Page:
Types of Heart Block
First-Degree Heart Block
In first-degree heart block, the electrical signal is slowed as it moves through the heart. When this occurs between the atria and the ventricles, it appears as a slightly longer, flatter line between the P and the R waves on the EKG.
First-degree heart block rarely causes any symptoms. Well-trained athletes and young people are at higher risk for first-degree heart block caused by an overly active vagus nerve. Activity in this nerve slows the heart rate. Some medicines, such as digitalis, also may trigger first-degree heart block.
First-degree heart block usually doesn't require treatment.
Second-Degree Heart Block
In this type of heart block, electrical signals between the atria and ventricles are slowed to a large degree. Some signals can't reach the ventricles. On an EKG, the QRS wave doesn't follow each P wave as it normally would.
If the signal is blocked before it reaches the ventricles, they won't contract and pump blood to the lungs and the rest of the body.
Second-degree heart block is divided into two different types, Mobitz type I and Mobitz type II.
Mobitz Type I
Mobitz Type I is also known as Wenckebach. In Wenckebach the electrical signals are delayed more and more with each heartbeat, until the heart skips a beat. On the EKG, the delay is shown as a line (called the PR interval) between the P and QRS waves. The line gets longer and longer until the QRS wave doesn't follow the next P wave.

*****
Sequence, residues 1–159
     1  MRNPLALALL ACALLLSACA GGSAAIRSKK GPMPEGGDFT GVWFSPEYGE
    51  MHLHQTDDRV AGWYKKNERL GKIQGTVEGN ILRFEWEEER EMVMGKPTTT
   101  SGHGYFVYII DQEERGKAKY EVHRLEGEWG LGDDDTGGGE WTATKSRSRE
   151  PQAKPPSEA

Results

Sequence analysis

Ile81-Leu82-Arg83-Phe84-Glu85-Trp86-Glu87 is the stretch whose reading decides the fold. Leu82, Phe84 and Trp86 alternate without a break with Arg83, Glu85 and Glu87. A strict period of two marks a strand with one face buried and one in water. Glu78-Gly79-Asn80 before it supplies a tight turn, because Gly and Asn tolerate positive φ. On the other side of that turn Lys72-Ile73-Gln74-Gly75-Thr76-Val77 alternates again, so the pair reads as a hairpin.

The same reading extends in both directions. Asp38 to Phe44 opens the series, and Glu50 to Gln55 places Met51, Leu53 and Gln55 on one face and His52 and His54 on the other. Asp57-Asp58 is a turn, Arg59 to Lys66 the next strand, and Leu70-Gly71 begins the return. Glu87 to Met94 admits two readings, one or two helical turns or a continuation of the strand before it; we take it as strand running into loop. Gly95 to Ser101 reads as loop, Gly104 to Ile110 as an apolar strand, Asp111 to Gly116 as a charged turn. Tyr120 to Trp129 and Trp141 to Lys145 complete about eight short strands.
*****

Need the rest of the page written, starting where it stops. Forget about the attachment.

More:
Sometimes people with Wenckebach or Mobitz Type I feel dizzy or have other symptoms. Wenckebach is a type of second-degree heart block that is less serious than Mobitz type II.
Mobitz Type II (Second Degree Heart Block)
In this type, some of the electrical signals also don't reach the ventricles. However, the pattern is less regular than it is in Mobitz type I. Some signals move between the atria and ventricles normally, while others are blocked. On an EKG, the QRS wave follows the P wave at a normal speed. Sometimes, though, the QRS wave is missing (when a signal is blocked).
Mobitz type II is less common than type I, but it's usually more severe. Some people with type II need medical devices called pacemakers to maintain their heart rates.
Third-Degree Heart Block
In this type of heart block, none of the electrical signals reach the ventricles. This type also is called complete heart block or complete AV block.
When complete heart block occurs, special areas in the ventricles may create electrical signals to cause the ventricles to contract. This natural backup system is slow and isn't coordinated with the contraction of the atria. On an EKG, the normal pattern is disrupted. The P waves occur at a faster rate than the QRS waves.
Complete heart block can be fatal. It can result in sudden cardiac arrestand death. This type of heart block needs emergency treatment. A temporary pacemaker may be used to keep the heart beating until you get a pacemaker implanted.